The British government’s decision to launch a review of Huawei’s activity in the UK is an indication that the US campaign to pressure its allies to shun China’s biggest telecoms company is bearing fruit. Moreover, Downing Street is planning to forge an alliance of democracies with the mission of providing developing countries with alternatives to Huawei’s market-leading 5G capability.

Rather oddly, though, this western effort overlooks a key telecoms battleground: Russia. If Huawei succeeds in establishing control over Russia’s 5G buildout, that will strengthen the Chinese company’s position in the battle for other emerging markets.

Alexander Gabuev
Gabuev is a senior fellow at the Carnegie Endowment for International Peace.
More >

There are four factors playing into Huawei’s hands in Russia. The first is money. Russian mobile operators have long been attracted by Huawei’s technology, which is on a par with European vendors but offered at lower cost, thanks to Beijing’s financial support.

However, Huawei’s attraction to Russia is not just about economics; it is also about national security. The Kremlin acknowledges that Russia is unable to produce quality 5G hardware on its own, and therefore needs to buy it from either Huawei or the west.

So the Kremlin’s rationale for selecting Huawei is straightforward: “We’re either going to be bugged by the US or by China, so we need to choose the lesser evil,” as one government insider told me. “Since the Americans are sanctioning us while the Chinese are helping us, the choice is obvious.”

Another point of concern for the Kremlin is who controls the “killer switch”. Russian security fears that the Pentagon might force western vendors to knock out Russian 5G networks, potentially unleashing political and economic chaos, and even regime change.

Again, China appears to be the lesser evil. No one in Moscow loses sleep worrying that Beijing might try to topple Vladimir Putin’s government. To be on the safe side, the Kremlin is also taking steps to ensure that communication systems used by the military and security officials are locally produced.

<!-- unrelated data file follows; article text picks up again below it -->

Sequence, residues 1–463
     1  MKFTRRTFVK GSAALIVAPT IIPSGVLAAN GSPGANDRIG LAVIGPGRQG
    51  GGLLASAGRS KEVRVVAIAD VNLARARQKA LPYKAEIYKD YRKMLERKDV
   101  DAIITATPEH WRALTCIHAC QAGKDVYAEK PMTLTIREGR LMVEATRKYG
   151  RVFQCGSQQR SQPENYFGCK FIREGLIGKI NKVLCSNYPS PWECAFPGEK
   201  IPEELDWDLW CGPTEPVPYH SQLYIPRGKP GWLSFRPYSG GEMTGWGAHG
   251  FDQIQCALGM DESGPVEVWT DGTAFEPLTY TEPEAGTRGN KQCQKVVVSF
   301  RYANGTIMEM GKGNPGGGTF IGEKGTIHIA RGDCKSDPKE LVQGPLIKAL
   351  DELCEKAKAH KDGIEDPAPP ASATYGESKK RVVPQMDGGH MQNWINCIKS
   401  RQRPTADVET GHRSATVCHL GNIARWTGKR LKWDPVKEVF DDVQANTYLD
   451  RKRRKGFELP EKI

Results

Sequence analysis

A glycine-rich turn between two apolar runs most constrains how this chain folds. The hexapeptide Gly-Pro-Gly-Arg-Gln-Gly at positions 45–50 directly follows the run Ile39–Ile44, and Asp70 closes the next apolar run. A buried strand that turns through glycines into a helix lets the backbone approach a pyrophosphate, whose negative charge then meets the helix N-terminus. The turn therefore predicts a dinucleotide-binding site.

Alongside all this, Huawei’s is running a sophisticated public relations strategy to win Moscow’s trust. Even as Donald Trump’s administration has pushed Huawei out of partnerships with western research institutions, the Chinese company has quadrupled its research and development personnel in Russia to 2,000 employees. Huawei portrays this as support for the Kremlin’s mission to stop Russia’s brain drain and foster innovation.

Huawei is also building alliances with local power brokers. In March, the company dropped a $30m investment that would have marketed cloud solutions under Huawei’s own brand in Russia, and instead partnered with a cloud platform run by Sberbank, Russia’s biggest state-owned bank.

Huawei thus cunningly exploited US sanctions against Sberbank that have discouraged US tech giants from partnering with it. Instead, Huawei technology will become Sbercloud’s backbone, enabling the Chinese company to hitch its wagon to Sberbank’s extensive client base and the influence of chief executive Herman Gref, a longtime Putin confidant.

Lastly, there is the impact of Covid-19. The pandemic has sharpened Kremlin interest in Chinese digital surveillance as a tool of political control. Huawei products such as Safe City have impressed the security establishment.

If Huawei’s gamble pays off and it conquers Russia’s 5G market, that could be used by Beijing to lure other developing countries into a China-led digital domain. If proud and technologically sophisticated Russia believes that Huawei is safe, why should Brazil or South Africa resist? The US seemingly reached a similar conclusion last week when it suspended some sanctions against Huawei, out of fears the US might otherwise be excluded from global talks shaping future technologies.

France’s Emmanuel Macron has argued that “Chinese hegemony is not compatible with the Russian sense of pride”. But the Kremlin will never abandon Huawei completely. Recent experience shows that Russia’s relationship with the west is broken, and stable ties with Beijing are a must.

Even so, a more nimble western approach might capitalise on the desire of Russian companies and parts of the state to hedge their bets. Nokia and Ericsson have long been active players in the local telecom market.

A more honest conversation in the west about the collateral damage from US-EU sanctions, and the incentives they create for Sino-Russian co-operation, is overdue. Failure to act will help Beijing embed Russia in a China-centred technological order, a digital Pax Sinica with worrying, global ramifications.

This article was originally published in Financial Times